JOHANNESBURG - The United Nations World Food Programme (WFP) today launched an appeal for US$78 million to provide emergency aid to 1.85 million people in the first half of 2005 in three drought-affected southern African states - Lesotho, Malawi and Swaziland.
WFP is currently assisting hundreds of thousands of vulnerable people in these three countries but will need to dramatically boost its emergency operations - during the peak ‘hunger months' ahead of the next harvest in April.
"We had hoped to scale back our activities in 2005 following two massive regional aid operations over the past two years but unfortunately the crisis in parts of southern Africa is far from over," said Mike Sackett, WFP Regional Director for Southern Africa. "Early next year, the lives of almost two million people will be at risk. The international community has helped many of these people to survive before - we cannot turn our backs on them now."
All three countries suffered an extremely poor harvest in 2004 because of drought and the exacerbating effects of poverty and HIV/AIDS. Indeed, all three governments have called for international aid - including a recent appeal to donors by the new president of Malawi.
Malawi's cereal crop is estimated to be 17 percent less than the five-year average, with southern districts particularly badly hit by the late onset of the planting rains. In Lesotho, the 2003 winter harvest failed and improved rains in early 2004 came too late to save this year's maize crop, which is estimated to be 68 percent below the average. Meanwhile, food insecure Lowveld areas in Swaziland were hit by both the late start to the rainy season and below normal rainfall overall, resulting in a maize crop that is 30 percent less than the average.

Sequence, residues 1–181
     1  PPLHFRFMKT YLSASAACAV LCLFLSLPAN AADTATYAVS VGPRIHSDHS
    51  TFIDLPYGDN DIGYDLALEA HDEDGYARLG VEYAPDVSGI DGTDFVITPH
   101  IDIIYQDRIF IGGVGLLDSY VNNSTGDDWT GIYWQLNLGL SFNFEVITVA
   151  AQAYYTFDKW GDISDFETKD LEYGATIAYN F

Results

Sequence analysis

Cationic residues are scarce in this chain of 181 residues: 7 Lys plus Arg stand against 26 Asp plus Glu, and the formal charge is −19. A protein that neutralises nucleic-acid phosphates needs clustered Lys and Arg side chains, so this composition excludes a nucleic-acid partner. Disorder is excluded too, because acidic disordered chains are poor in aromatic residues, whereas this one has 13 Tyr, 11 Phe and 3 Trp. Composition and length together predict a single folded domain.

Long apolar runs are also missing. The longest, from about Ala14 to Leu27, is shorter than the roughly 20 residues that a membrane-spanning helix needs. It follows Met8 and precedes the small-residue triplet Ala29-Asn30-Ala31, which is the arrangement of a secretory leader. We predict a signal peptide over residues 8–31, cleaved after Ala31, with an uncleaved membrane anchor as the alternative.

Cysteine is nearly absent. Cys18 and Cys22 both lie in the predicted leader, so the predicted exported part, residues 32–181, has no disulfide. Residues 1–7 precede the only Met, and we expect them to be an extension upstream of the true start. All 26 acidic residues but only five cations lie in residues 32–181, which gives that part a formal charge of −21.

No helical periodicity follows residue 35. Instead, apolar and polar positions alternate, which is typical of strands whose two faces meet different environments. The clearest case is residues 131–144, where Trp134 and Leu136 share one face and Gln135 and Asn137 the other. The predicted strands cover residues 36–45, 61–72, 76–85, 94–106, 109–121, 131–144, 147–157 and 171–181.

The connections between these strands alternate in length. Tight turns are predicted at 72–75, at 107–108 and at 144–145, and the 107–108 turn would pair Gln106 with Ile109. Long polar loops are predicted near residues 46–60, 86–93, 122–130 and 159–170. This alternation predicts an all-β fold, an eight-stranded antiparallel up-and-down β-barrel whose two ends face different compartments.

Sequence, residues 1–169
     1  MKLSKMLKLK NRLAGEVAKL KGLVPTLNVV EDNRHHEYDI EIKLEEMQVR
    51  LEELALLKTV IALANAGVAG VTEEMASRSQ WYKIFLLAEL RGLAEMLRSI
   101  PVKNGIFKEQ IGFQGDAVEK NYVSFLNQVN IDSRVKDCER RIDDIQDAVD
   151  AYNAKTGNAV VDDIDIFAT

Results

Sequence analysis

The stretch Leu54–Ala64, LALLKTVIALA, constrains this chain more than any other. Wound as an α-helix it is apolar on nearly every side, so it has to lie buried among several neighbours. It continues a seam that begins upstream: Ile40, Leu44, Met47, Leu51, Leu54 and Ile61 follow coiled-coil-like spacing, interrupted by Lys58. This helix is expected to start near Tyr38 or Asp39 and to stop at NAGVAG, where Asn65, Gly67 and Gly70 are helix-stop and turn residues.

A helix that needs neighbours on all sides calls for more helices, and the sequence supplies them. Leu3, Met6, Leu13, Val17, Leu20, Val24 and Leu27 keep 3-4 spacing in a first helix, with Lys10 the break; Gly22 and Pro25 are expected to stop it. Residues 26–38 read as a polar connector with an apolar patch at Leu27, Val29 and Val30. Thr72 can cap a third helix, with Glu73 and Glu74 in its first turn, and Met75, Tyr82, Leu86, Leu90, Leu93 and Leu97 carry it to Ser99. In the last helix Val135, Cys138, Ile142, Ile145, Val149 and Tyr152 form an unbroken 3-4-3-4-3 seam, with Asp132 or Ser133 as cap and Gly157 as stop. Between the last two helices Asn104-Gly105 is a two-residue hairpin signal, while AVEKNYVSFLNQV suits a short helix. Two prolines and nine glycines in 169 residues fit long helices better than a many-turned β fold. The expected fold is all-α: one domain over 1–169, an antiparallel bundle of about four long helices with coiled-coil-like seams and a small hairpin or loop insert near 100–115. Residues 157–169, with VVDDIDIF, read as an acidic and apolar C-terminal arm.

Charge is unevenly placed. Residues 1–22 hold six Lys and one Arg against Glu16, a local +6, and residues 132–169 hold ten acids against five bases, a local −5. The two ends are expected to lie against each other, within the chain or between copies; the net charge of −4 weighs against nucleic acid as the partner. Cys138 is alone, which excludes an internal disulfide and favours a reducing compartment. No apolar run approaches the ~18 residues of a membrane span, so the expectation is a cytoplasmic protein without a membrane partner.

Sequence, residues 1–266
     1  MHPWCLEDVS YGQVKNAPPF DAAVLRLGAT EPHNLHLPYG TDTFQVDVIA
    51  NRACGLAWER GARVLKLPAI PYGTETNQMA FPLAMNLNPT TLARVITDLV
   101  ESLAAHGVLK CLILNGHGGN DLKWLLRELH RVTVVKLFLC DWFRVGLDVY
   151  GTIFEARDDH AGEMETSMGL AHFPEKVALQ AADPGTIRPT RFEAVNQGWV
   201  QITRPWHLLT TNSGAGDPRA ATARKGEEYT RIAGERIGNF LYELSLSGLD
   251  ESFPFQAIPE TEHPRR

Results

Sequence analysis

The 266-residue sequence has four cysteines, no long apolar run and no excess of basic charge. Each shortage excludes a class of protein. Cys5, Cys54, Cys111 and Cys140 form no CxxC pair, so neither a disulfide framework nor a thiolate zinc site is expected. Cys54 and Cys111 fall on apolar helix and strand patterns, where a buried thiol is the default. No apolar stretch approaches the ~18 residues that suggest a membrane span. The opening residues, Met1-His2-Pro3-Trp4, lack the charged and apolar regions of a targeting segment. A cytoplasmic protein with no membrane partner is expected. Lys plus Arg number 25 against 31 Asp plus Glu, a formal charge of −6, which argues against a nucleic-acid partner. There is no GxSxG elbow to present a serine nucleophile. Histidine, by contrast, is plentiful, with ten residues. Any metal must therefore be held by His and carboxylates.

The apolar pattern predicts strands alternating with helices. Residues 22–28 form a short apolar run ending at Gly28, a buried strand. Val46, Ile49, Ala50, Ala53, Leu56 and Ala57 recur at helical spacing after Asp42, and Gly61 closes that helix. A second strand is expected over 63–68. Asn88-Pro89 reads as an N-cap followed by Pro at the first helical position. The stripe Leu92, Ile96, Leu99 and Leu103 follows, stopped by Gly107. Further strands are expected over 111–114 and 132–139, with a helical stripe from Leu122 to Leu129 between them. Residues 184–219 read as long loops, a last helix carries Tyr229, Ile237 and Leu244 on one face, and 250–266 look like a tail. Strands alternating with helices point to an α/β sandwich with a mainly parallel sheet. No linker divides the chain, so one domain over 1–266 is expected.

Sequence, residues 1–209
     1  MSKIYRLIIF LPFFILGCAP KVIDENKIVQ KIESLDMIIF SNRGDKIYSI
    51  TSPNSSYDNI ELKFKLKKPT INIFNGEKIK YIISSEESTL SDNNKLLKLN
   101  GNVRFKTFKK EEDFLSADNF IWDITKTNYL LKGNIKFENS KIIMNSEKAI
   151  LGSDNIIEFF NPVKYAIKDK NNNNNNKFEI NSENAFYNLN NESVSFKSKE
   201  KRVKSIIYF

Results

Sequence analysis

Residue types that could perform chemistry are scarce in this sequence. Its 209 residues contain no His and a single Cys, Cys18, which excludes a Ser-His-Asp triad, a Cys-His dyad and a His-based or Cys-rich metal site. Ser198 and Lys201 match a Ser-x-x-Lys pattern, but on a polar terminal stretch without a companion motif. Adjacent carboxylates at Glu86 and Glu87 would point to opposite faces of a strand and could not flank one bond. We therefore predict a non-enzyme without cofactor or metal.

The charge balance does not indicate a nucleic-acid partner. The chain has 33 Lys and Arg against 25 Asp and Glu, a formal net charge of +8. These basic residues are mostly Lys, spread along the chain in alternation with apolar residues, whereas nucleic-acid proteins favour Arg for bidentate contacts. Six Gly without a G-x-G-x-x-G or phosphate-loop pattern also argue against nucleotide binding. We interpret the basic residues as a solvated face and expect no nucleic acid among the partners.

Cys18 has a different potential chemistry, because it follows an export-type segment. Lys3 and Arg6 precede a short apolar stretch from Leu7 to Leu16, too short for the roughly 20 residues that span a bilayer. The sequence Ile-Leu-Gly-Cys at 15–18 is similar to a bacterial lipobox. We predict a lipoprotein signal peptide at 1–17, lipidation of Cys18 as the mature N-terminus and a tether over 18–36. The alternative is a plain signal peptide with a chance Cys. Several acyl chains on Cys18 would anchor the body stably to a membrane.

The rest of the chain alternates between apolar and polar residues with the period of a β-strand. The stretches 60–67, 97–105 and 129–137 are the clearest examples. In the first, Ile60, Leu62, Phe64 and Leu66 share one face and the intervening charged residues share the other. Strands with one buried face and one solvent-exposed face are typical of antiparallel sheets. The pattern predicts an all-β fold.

WFP requires 127,000 metric tons of food aid commodities - valued at US$78 million - to meet the emergency needs of drought-affected households in Lesotho, Malawi and Swaziland in the first two quarters of 2005. Given the lengthy time lag between the confirmation of contributions and actual food distributions, it is crucial that donors start responding immediately.
"We have to appeal now to ensure that we have the necessary food aid supplies in place in time," said Sackett. "If we were to wait any longer it would be too late - and that would endanger people's lives."
At the peak of this operation in early 2005, WFP will be providing emergency food aid to 1.17 million beneficiaries in Malawi, 510,000 in Lesotho and 168,500 in Swaziland.
WFP is also planning to assist hundreds of thousands of other chronically poor and food-insecure people in these three countries in 2005, as well as in neighbouring Zambia and Mozambique, under a longer-term relief and recovery operation. Due to run for three years, this operation will target vulnerable people in areas with high prevalence rates of HIV/AIDS and will help to save lives and boost recovery and development.
In the meantime, WFP will continue to provide for the needs of the most vulnerable people in Lesotho, Malawi and Swaziland up until the end of December 2004 under its current regional Emergency Operation.
This operation still requires an additional 32,000 tons of food - valued at US$17 million - to cover regional requirements between October and December 2004.
"Donors have been very generous over the past few years and have helped WFP to avert a humanitarian catastrophe in southern Africa," said Sackett. "But there is no time to rest. The international community must stay focused on the crisis in this region otherwise many of the gains that have been made - and most importantly, lives that have been saved - will be lost."
WFP is the world's largest humanitarian agency: in 2003 we gave food aid to a record 104 million people in 81 countries, including 56 million hungry children.
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Deputy Director Communications